The essence of leadership training is accepting personal responsibility, for one’s actions as a “follower” and then increasingly for one’s decisions, as a leader. When this is taught in a military context, it’s reinforced in myriad ways beyond correct answers on a multiple choice “leadership test”
I suspect we all thought we wanted to be heroes; fortunately, we never got to be. None of us could have imagined how terrible an opportunity for heroism might have been.
Today, we know of a Junior ROTC unit that has taken real-world casualties—young Americans who in some cases sacrificed themselves as surely and as valiantly as the Continentals at Bunker Hill, or young sailors at Pearl Harbor—teenagers who made the most of their limited training under the worst of circumstances.
The three members of the Junior ROTC unit at Marjory Stoneman Douglas High School who were killed in action were shot by a disturbed teen who had “weeded himself out” of their unit sometime before. And they did perish in action—as resisters and rescuers. Others—Cadet Captains Zackary Walls and Colton Haab have been names mentioned in the news—performed with outstanding, and lifesaving, leadership during the terrible events there. They, too, deserve formal recognition for actions in the highest traditions of the American citizen-soldier.
The ROTC Medal for Heroism’s criteria specifies: “… accomplishment so exceptional/outstanding as to set cadet apart from others in similar circumstances (which) must involve acceptance of danger or extraordinary responsibilities exemplifying praiseworthy fortitude and courage.”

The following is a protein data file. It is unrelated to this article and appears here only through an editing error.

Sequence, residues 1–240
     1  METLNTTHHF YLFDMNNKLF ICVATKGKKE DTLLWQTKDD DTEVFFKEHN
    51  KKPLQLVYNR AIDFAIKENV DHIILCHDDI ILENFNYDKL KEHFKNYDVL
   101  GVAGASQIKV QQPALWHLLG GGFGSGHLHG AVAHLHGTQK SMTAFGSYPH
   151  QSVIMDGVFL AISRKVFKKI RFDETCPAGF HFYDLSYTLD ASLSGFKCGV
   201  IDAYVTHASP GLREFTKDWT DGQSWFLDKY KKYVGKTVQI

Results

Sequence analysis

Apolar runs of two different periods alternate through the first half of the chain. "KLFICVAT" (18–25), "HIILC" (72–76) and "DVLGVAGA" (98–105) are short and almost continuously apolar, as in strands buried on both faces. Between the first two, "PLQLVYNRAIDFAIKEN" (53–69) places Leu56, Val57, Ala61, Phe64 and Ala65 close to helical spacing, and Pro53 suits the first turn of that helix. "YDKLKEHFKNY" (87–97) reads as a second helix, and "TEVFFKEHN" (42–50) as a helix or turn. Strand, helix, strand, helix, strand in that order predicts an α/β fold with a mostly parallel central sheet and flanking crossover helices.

Based on news reports so far, this is an apt description of the performance of the Douglas High School cadets. Awarding the medal to surviving as well as well as to the fallen cadets would not only honor these exceptional young men and women, it might also help to direct national attention both to positive behavior by disciplined, patriotic young Americans, and to the difference individual valor can make during a horrific attack.
Focusing attention on these young people, speaks to who we are—or at least, who we should be, when we live up to the ideals of self-governing, free, and independent citizens. These cadets have not been coached to march to make loud demands—rather, while learning to march, they have also learned what duty demands of citizens and leaders. They displayed courage, compassion, and individual initiative in the most difficult of circumstances.
That’s exactly what we need our young people to learn. Cadet organizations such as JROTC, Civil Air Patrol, and the U.S. Naval Sea Cadets (the latter two programs are even accessible to private-schooled and homeschooled students), provide challenge, guidance and inspiration for young Americans daily, establishing common values and reinforcing a sense of personal responsibility within a culture which desperately needs to reclaim both. We need to support these organizations, beyond the well-deserved public recognition of the heroism so recently displayed by the members of this JROTC unit. America’s greatness depends on the virtues and values which these programs, against the general drift of our culture, still promote.
American greatness is not found merely in economic prosperity or international respect; there’s no American greatness greater than a boy, in a man’s uniform, laying down his life for his friends.